(165 WAV files, 7 GB, 24bit/96kHz)
Berlin Ambiances and Urban Winds by Hzandbits
Ahh, Berlin. Some lucky people get to enjoy its eclectic blend of historical architecture every day. Others pop in for a visit and capture all the sounds they can, like Hzandbits‘ Christian Hagelskjær. Last month he visited the city and stealth-recorded ambiences in the sneakiest way possible with head-worn near- and quasi-binaural microphones. During his stay, recorded buildings such as the historically-preserved Bodemuseum, “Haus der Kulturen der Welt” center for the Arts, and the Hauptbahnhof, the city’s main railway station. Berlin Ambiances also includes his non-binaural recordings from 2013 for an interesting blend of Berliners in their natural habitat.
(31 WAV files, 3.69 GB, 24bit/96kHz)
Last month, Christian also released Urban Winds and took a different approach to urban ambiences. While it contains plenty of whistling and howling wind, the library also features objects being blown around, such as metal fences clanging in an unoccupied construction site and trash flying down an empty street. The wind types vary from strong breezes resonating through metal and small cavities to the aftermath of a violent storm that was, as Christian says, “the kind that rips the tiles off the roofs.” It also contains both X/Y stereo and mono versions to feature the recordings’ most interesting aspects.
(38 WAV files, 1.33 GB, 24bit/96kHz)
Rhythmic Convolutions 2 by Diego Stocco
Here is a type of sound library we haven’t see in a while, and it’s one with a special twist. Rhythmic Convolutions 2 is an IR library that focuses on creating rhythmic accents and textures. The impulse responses come from many unique sources, from antique sewing machines and hummingbirds to toys that look like they fell out of the TARDIS. Take a look for yourself in the video above. Diego Stocco explains his process and shows his creations, which enticed the DIY/foley artist within me. For those wondering how they can play with these impulse responses in their plug-ins, this IR library comes in the WAV format and works with software such as Izotope Trash 2 or Convolution Reverb Pro. For more info, please watch the video. It is seriously educational.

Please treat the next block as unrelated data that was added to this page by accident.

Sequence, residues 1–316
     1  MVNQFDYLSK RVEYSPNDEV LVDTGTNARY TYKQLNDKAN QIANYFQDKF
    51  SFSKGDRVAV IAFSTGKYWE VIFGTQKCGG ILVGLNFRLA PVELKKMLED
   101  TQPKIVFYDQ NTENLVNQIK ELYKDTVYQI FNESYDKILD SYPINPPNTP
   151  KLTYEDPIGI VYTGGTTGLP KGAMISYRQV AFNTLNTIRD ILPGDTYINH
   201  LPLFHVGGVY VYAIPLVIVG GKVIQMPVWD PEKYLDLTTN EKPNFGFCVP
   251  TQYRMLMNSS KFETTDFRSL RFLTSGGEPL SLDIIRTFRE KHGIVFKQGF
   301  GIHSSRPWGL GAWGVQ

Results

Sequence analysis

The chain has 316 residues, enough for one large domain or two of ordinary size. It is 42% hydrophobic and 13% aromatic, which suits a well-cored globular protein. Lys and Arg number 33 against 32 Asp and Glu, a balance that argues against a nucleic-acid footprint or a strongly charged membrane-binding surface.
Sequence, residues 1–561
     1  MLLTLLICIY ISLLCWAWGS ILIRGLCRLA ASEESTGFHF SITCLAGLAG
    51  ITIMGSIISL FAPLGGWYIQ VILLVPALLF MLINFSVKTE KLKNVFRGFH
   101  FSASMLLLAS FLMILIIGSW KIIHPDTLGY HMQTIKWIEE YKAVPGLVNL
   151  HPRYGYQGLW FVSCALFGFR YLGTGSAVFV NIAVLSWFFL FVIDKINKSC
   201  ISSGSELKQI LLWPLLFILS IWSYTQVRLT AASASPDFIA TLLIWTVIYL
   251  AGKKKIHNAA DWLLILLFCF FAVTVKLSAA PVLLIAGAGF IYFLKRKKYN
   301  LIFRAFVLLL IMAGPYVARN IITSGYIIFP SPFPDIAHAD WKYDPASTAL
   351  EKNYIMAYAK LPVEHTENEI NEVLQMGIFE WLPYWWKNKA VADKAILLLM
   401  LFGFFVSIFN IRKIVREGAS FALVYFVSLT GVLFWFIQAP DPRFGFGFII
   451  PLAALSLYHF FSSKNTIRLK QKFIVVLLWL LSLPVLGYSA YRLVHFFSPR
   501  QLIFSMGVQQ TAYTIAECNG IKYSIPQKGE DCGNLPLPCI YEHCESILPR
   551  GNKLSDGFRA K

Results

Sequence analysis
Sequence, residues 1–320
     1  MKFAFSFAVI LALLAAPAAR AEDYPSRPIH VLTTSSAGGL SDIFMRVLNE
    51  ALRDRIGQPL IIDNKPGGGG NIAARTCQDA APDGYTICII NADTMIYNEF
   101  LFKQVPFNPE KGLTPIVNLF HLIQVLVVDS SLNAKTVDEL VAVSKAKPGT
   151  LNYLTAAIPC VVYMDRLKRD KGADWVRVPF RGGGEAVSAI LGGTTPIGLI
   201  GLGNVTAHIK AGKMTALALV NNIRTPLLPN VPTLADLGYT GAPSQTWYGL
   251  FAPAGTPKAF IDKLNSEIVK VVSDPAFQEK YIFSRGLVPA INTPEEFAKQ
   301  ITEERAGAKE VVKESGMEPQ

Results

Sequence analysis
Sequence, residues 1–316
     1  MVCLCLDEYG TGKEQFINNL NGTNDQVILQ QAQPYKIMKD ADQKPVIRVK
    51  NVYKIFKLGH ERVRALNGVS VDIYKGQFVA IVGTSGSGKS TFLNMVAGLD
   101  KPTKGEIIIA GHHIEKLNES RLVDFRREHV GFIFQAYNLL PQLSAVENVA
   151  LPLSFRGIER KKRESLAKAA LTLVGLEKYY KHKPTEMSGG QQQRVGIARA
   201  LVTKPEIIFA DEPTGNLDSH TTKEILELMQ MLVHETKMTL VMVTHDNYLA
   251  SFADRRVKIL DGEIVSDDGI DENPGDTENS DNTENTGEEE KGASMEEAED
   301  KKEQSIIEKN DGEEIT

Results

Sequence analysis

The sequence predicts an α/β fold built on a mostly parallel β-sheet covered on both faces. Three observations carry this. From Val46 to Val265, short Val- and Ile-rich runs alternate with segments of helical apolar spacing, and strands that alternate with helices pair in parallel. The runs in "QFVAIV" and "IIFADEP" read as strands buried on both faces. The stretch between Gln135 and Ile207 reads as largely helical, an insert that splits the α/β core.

(200 WAV files, 56.5 GB, 24bit/48kHz)
The Drip by Sonic Salute
You’ve been in this situation. You hear that perfect sound – a low hanging branch trickling into a puddle below or drips falling from underneath a second story deck, but you weren’t living the “Always Be Recording” life and either had no device to record it or nothing to protect your recorder from the rain! Okay, maybe that was just me, but The Drip has atoned for my audio recording sins. This library was collected over the last two years by Sonic Salute’s Mikkel Nielsen, and it focuses on the intricacies of dripping sounds. It contains complex, twisting notes heard from little trickles and raindrops, pounding rhythms and short pulses from constant dripping, and the white noise of shattering rainfall.
(57 WAV files, 5 GB, 24bit/96kHz)
Piping Systems by SHAPINGWAVES
David Kamp and his SHAPINGWAVES team have taken pipe ambience to a new level with Piping Systems. This very specific library could flesh out the duct work of an entire interactive spaceship with pipes to pump air, gas and sewage through the lungs, veins and intestines of the ship. Each sound came from one of three municipal processing sites – a gas control station, sewage plant and waterworks – and the library includes both indoor and outdoor recordings as well as different pipe sizes, temperatures, industrial processes, and proximities. Don’t worry, though these sounds contrast intricately, the detailed metadata lets you know exactly what’s in store.
(46 WAV files, 3.6 GB, 24bit/96kHz)